The ERA leaderboard, organized greatest to least, is a bit of a shocker. At the top you’ll find both of the defending Cy Young award winners (David Price and R.A. Dickey), as well as Cole Hamels, Matt Cain, and Stephen Strasburg, among others. You’ll hear this a lot but it bears repeating: it’s still very early, so you can’t really trust the stats yet.
I went back to starters’ first three starts in 2012 and found some surprising ERA outliers as well, then I researched how they fared over the rest of the season. A small selection of elite hurlers:
(ERA-3 = ERA through three starts; ERA-RoS = rest-of-season ERA)
This exercise can be repeated for any group of players. Just to name a few on the hitting side: Matt Holliday had a .602 OPS after the first two weeks last year, but bounced back and posted a .908 OPS the rest of the way. Jay Bruce went from .679 in the first two weeks to .859 the rest of the way. Giancarlo Stanton went from .642 in the first two weeks to 1.010 through the end of the season.
Red Sox starter Drew Pomeranz hasn’t pitched in a week due to soreness in his left forearm. He threw a bullpen on Thursday afternoon and said, “I definitely feel like I can maybe help (as a reliever in the playoffs,” as ESPN’s Scott Lauber reports.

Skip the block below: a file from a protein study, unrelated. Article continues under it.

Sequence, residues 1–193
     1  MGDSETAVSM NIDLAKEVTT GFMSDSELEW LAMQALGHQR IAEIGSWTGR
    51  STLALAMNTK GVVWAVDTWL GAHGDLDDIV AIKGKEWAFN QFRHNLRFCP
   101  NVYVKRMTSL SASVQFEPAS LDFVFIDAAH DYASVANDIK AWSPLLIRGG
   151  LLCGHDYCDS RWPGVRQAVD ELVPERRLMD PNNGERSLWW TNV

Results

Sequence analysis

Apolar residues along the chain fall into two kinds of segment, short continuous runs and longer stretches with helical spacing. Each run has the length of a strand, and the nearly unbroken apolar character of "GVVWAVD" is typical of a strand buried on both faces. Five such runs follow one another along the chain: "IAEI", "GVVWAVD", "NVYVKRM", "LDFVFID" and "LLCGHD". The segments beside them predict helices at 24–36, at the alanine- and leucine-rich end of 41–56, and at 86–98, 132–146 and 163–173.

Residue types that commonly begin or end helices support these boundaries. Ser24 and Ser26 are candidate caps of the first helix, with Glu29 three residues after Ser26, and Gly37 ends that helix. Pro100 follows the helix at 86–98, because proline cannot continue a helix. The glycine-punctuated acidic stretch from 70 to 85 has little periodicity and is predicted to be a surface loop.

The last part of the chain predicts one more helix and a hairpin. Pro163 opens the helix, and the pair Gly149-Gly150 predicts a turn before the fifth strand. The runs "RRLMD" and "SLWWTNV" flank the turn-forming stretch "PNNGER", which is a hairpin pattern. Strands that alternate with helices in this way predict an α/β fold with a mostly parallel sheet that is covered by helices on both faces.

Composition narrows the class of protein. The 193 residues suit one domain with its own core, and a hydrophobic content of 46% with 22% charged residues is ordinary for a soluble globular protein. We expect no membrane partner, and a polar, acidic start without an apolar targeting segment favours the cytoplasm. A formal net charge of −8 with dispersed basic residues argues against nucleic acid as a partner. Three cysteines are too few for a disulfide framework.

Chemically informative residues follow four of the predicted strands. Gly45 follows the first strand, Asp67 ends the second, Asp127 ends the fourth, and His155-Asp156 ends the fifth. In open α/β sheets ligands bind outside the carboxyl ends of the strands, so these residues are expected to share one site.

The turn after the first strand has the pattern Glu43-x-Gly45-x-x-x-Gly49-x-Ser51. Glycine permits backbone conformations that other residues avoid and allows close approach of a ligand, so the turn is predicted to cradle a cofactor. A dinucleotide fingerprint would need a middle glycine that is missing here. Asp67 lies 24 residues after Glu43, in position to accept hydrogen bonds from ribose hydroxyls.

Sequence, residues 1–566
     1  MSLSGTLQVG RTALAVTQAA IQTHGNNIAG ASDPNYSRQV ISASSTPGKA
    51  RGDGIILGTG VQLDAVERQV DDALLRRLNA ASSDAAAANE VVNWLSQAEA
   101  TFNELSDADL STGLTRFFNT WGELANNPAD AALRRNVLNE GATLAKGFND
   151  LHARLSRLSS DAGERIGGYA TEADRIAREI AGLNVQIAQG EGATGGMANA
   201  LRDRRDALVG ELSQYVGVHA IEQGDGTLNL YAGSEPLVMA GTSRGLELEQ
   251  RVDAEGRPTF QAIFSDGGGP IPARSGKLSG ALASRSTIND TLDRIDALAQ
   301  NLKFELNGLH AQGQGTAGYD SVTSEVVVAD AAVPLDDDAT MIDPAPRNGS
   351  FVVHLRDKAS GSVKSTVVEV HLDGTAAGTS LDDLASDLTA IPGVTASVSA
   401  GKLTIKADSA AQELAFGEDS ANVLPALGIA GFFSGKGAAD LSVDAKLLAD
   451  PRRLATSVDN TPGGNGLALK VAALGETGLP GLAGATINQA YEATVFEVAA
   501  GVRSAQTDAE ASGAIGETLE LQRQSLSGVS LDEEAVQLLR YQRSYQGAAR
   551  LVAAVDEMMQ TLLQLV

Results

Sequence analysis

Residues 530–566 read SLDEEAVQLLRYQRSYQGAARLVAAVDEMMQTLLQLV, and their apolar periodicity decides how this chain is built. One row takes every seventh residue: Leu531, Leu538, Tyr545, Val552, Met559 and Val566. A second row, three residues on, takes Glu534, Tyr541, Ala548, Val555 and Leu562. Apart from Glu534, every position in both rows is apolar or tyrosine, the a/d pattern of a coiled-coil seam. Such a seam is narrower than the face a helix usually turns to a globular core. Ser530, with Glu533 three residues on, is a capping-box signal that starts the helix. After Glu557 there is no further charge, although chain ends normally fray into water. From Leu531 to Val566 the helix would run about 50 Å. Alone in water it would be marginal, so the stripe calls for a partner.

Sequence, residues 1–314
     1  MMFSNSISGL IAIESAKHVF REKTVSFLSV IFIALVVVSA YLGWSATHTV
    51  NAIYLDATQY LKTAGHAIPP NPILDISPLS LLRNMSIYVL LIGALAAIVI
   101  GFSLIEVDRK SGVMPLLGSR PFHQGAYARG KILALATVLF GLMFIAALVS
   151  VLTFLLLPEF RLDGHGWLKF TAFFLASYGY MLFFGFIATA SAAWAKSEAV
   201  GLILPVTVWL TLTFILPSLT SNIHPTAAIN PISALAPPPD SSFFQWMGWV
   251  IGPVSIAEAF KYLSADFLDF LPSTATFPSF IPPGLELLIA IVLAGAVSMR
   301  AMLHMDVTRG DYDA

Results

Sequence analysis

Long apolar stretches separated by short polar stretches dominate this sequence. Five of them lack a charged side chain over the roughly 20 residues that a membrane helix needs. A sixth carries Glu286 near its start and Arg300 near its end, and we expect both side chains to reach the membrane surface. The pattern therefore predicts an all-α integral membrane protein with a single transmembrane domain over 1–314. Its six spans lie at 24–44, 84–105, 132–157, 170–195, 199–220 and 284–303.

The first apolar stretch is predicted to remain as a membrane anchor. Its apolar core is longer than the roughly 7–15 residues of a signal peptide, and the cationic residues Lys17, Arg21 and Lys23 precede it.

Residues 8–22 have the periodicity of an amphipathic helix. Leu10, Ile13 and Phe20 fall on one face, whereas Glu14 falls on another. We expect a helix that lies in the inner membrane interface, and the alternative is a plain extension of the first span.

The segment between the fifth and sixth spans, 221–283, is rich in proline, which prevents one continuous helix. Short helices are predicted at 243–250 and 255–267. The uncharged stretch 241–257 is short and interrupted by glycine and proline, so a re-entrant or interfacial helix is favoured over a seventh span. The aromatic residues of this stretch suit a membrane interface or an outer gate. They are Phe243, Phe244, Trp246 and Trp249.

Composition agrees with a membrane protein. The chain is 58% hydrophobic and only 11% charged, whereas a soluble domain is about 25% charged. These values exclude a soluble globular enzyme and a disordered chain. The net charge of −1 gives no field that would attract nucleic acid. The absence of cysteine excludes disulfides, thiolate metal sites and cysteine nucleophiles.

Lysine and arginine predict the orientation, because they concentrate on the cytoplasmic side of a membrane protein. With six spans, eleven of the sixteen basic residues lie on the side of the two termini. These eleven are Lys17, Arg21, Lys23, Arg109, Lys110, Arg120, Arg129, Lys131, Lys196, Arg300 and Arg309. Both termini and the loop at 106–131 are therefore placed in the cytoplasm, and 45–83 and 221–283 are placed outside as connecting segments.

The Red Sox clinched the AL East on Wednesday, so they don’t need to rush Pomeranz along. And using him out of the bullpen might ultimately be best as he regressed quite a bit after coming to Boston from San Diego in July. In 13 starts with the Red Sox, Pomeranz has a 4.68 ERA with a 69/24 K/BB ratio in 67 1/3 innings.
Eduardo Rodriguez and Clay Buchholz have been throwing the ball quite well as of late. Paired with Rick Porcello and David Price, the Red Sox still have the depth to be menacing in the postseason.
Remember Jesus Montero? The former Yankees and Mariners prospect? Well, he was picked up by the Blue Jays back in March after the Mariners waived him and played 126 games for Triple-A Buffalo this year. That went alright, I suppose, with Montero hitting .317/.349/.438 with 11 homers. He played a bit of first base too, trying to break the mold he’s been stuck in as a 26-year-old DH.
If this season was a platform for him to make one last push to the bigs, the platform was just pulled out from under him: he has been suspended for 50 games after testing positive for dimethylbutylamine (DMBA), a stimulant in violation of the Minor League Drug Prevention and Treatment Program.
The minor league season is over, of course, so he’ll serve that suspension next season. Assuming the Jays keep him in the fold.